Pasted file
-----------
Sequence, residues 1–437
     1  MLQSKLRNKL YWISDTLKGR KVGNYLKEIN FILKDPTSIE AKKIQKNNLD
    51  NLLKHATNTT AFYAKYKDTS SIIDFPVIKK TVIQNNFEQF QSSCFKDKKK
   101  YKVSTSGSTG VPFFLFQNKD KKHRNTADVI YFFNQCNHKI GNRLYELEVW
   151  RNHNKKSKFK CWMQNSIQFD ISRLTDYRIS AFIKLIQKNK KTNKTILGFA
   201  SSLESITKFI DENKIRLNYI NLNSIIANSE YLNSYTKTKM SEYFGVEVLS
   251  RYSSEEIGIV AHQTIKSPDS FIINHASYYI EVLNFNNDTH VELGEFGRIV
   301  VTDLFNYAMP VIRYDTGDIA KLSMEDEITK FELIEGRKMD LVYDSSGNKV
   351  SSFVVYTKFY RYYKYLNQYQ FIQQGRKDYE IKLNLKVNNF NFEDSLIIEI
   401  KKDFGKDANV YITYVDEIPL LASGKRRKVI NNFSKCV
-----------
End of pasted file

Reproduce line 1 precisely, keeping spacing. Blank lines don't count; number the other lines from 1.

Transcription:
Sequence, residues 1–437